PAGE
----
Russian President Vladimir Putin has warned that further Western attacks on Syria would bring "chaos" to world affairs, as Washington has said it is preparing to increase pressure on Russia with new economic sanctions.

In a telephone conversation with his Iranian counterpart Hassan Rouhani, Mr Putin and Mr Rouhani agreed that the Western strikes had damaged the chances of achieving a political resolution in the seven-year Syria conflict, according to a Kremlin statement.

Mr Putin said: "If such actions, carried out in violation of the United Nations Charter, are repeated, that would inevitably provoke chaos in international relations," according to a statement from the Kremlin.

The two leaders "found that this illegal action seriously damaged the prospects of a political settlement in Syria," the statement said.

Mr Putin denounced "with the utmost firmness" the strikes which he described as "an act of aggression against a sovereign state which is at the forefront of the fight against terrorism".

Meanwhile, US ambassador to the United Nations, Nikki Haley has said that the United States would announce new economic sanctions on Monday aimed at companies "that were dealing with equipment" related to Syrian President Bashar al-Assad's alleged chemical weapons use.

"They will go directly to any sort of companies that were dealing with equipment related to Assad and chemical weapons use," Ms Haley said

On Saturday, the United States, France and Britain launched 105 missiles targeting what the Pentagon said were three chemical weapons facilities in Syria in retaliation for a suspected poison gas attack in Douma on 7 April.

The Western countries blame Assad for the Douma attack that killed dozens of people.

The Syrian government and its ally Russia have denied involvement in any such attack.

The bombings marked the biggest intervention by Western countries against Assad and ally Russia but the United States, France and Britain have said the missile strikes were limited to Syria’s chemical weapons capabilities and not aimed at toppling Assad or intervening in the civil war.

In Damascus, Syria's deputy foreign minister met inspectors from the global chemical weapons watchdog OPCW for about three hours in the presence of Russian officers and a senior Syrian security official.

The inspectors were due to attempt to visit the Douma site.

Moscow condemned the Western states for refusing to wait for the OPCW's findings before attacking.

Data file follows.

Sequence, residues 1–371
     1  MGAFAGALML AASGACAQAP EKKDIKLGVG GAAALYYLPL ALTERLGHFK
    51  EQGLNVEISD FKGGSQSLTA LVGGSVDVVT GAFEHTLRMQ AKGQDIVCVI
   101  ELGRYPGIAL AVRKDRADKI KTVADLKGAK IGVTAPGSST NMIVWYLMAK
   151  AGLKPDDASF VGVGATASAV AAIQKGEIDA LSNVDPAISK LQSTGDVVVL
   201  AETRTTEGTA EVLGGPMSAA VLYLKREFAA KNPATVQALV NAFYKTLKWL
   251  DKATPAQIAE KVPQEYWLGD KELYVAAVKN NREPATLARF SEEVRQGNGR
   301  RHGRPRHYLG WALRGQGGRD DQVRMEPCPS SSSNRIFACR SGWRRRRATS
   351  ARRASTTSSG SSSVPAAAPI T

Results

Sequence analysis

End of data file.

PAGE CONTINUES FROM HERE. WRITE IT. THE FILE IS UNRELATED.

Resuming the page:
President Assad told a group of visiting Russian officials that the Western missile strikes were an act of aggression.

Syria released video of the wreckage of a bombed-out research lab, but also of Assad arriving at work as usual, with the caption "morning of resilience" and there were no immediate reports of casualties.

Russian agencies quoted the officials as saying that Assad was in a "good mood", had praised the Soviet-era air defence systems Syria used to repel the Western attacks and had accepted an invitation to visit Russia at an unspecified time.

Mr Trump had said "mission accomplished" on Twitter after the strikes, though US Lieutenant General Kenneth McKenzie at the Pentagon acknowledged elements of the programme remain and he could not guarantee that Syria would be unable to conduct a chemical attack in the future.

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Russian and Iranian military help over the past three years has allowed Assad to crush the rebel threat to topple him.

Though Israel has at times urged stronger US involvement against Assad and his Iranian and Lebanese Hezbollah reinforcements in Syria, it voiced backing for Saturdays airstrikes by Western powers.

Israel's Prime Minister Benjamin Netanyahu told his cabinet in broadcast remarks that Israel fully supports President Trump’s decision to act against the use of chemical weapons in Syria, adding that he had commended his British counterpart, Theresa May, in a phone call.

France, the United States and Britain circulated a draft resolution to the UN Security Council late on Saturday that aims to establish a new independent inquiry into who is to responsible for chemical weapons attacks in Syria.

The mechanism would look at cases where the OPCW fact-finding mission has established chemical weapons were used or likely used.

Diplomats said negotiations on the draft resolution would begin on Monday and it was not immediately clear when the United States, France and Britain wanted to put it to a vote.

Following yesterday's air strikes, British foreign minister Boris Johnson has said western powers will study "options" if Syria's government again uses chemical weapons, but nothing is planned as yet.

Mr Johnson made the comments following raids on Syrian targets, which triggered a heated debate over their legality and effectiveness.

Speaking on BBC’s Andrew Marr show, Mr Johnson threw his weight behind UK Prime Minister Theresa May's decision to take part in the attack, saying it was the right thing to do to deter further use of chemical weapons.

The Scientific Research Centre in Damascus which was hit by the air strikes

"There is no proposal on the table at the moment for further attacks because so far - thank heavens - the Assad regime have not been so foolish as to launch another chemical weapons attack," he said.

He added: "If and when such a thing were to happen, then clearly with allies we would study what the options were."

His comments appeared in line with those of Ms Haley, who said at an emergency meeting of the UN Security Council that President Donald Trump told her that if Syria uses poisonous gas again, "The United States is locked and loaded."

British opposition leader Jeremy Corbyn said that the legal basis used to support the British role was debatable, adding that he would only support action backed by the United Nations Security Council.